Course date

30 July - 10 August, 2001
Application deadline
15 February, 2001
Course Director(s): 

Gyorgy Gereby

Medieval Studies, Central European University, Budapest, Hungary

Istvan Perczel

Medieval Studies, Central European University, Budapest, Hungary
Course Faculty: 

Garnik Asatrian

Department of Iranian Studies, Yerevan State University, Armenia

Geza Bethlenfalvy

Linguistics, Eotvos Lorand University, Budapest, Hungary

Johann Burgel

Islam studies, University of Bern, Switzerland

Ivan Christov

Philosophy and History, Chair of Sociology, Plovdiv University, Bulgaria

Hanna Kassis

Classical, Near Eastern, and Religious Studies, the University of British Columbia, Vancouver, Canada

Andrew Palmer

Munster University, Germany

Yosef Schwartz

The Cohn Institute for the History and Philosophy of Science and Ideas, Tel Aviv University, Israel

Safak Ural

Philosophy, University of Istanbul, Turkey

This course wants to concentrate on a fundamental structural trait common to many religious traditions. It will examine the combination of, and the relationship between, as well as the tension between, two complementary tendencies that have shaped the structure of greater and smaller religions throughout the ages. The first is to be found mainly among the great religions of the Mediterraneum, a tendency to form a strong identity, with the help of an exclusive self-image that attempts to define one’s own religion as a unique phenomenon, absolutely different from all others. Usually this happens by the means of clearly defined, unique doctrines, rituals, and customs, and clearly established criteria for drawing the borderlines that separate the given religious community from all others. The other is a tendency to accommodate and adapt, or even mix, the forms, the beliefs, and the thought-patterns of different and rival traditions. In some cases it can go as far as to understanding one’s own religious forms as but one part and one specific crystallisation of an intricate framework of traditions, doctrines, beliefs, and rituals. One might call the first tendency a striving towards exclusive identity, while the second, a leaning towards syncretism. Clearly, this use of the word "syncretism" is different from the common use of the term. Instead of its usual, negative connotation, we use it in a structural and thus, neutral sense.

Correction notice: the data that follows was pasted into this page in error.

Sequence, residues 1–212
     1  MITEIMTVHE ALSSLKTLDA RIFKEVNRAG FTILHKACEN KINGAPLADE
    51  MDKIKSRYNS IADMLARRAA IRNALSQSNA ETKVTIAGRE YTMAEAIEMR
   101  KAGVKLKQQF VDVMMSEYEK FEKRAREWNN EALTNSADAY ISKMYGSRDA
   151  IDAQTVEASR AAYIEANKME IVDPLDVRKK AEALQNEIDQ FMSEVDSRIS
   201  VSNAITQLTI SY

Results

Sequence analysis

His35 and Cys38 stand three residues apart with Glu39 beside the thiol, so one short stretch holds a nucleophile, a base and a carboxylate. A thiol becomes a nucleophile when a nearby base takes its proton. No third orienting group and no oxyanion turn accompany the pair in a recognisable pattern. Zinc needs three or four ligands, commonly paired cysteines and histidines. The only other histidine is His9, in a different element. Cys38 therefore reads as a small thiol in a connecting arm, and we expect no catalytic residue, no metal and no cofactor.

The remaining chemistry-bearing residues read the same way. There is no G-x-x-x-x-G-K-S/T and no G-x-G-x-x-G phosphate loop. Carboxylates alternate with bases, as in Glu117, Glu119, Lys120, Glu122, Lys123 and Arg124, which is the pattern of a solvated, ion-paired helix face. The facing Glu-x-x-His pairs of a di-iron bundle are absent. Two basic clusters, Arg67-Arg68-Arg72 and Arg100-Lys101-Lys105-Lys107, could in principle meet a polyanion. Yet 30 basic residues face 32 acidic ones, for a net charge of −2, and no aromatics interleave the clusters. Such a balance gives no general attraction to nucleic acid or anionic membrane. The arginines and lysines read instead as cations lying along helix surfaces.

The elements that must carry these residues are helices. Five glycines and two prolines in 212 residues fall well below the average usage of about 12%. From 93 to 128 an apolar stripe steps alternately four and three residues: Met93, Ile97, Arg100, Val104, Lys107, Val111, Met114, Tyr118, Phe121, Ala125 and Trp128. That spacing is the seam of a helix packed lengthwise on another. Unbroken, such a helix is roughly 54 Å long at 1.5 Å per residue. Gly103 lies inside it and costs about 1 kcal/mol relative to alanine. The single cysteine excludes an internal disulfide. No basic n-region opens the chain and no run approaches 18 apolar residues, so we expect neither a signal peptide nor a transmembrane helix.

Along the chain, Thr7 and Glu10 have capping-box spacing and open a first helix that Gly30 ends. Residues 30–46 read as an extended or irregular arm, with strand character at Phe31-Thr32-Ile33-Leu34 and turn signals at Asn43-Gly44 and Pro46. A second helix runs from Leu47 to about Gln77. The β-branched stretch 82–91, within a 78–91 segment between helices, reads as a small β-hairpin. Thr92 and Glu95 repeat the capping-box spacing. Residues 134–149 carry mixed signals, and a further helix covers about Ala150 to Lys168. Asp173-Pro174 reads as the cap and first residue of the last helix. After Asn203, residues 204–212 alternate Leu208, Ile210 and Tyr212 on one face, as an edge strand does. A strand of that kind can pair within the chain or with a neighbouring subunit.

Representatives of a given religion may more or less consciously adopt, or emphasise, one or the other perspective, in order either to protect the borderlines of their own community, or to ease the passage from the other religion to one’s own – while only very rarely vice versa – or for any other reason. However, the fact remains that most religious forms display both tendencies. Different religious traditions – local or universal – can be characterised by the equilibrium they strike between the two extremes. And although it is tempting to establish a typology which would distinguish between "exclusivist" and "syncretist" religions, this would tend to obscure the manifest fact that exclusivism tends to work only with a considerable amount of syncretism – be it religious, philosophical, or cultural – and that syncretism can not fail to emphasise its unique and exclusive identity. The present course aims to examine some concrete religious phenomena within this – very broad – framework.

Teaching methods

The course will not proceed a priori from universal concepts towards concrete examples, but vice versa. Leading specialists in different religious traditions will present the concrete phenomena of exclusivism and syncretism within their own field, so that the understanding of the concrete, particular developments may inspire debate on the more general level.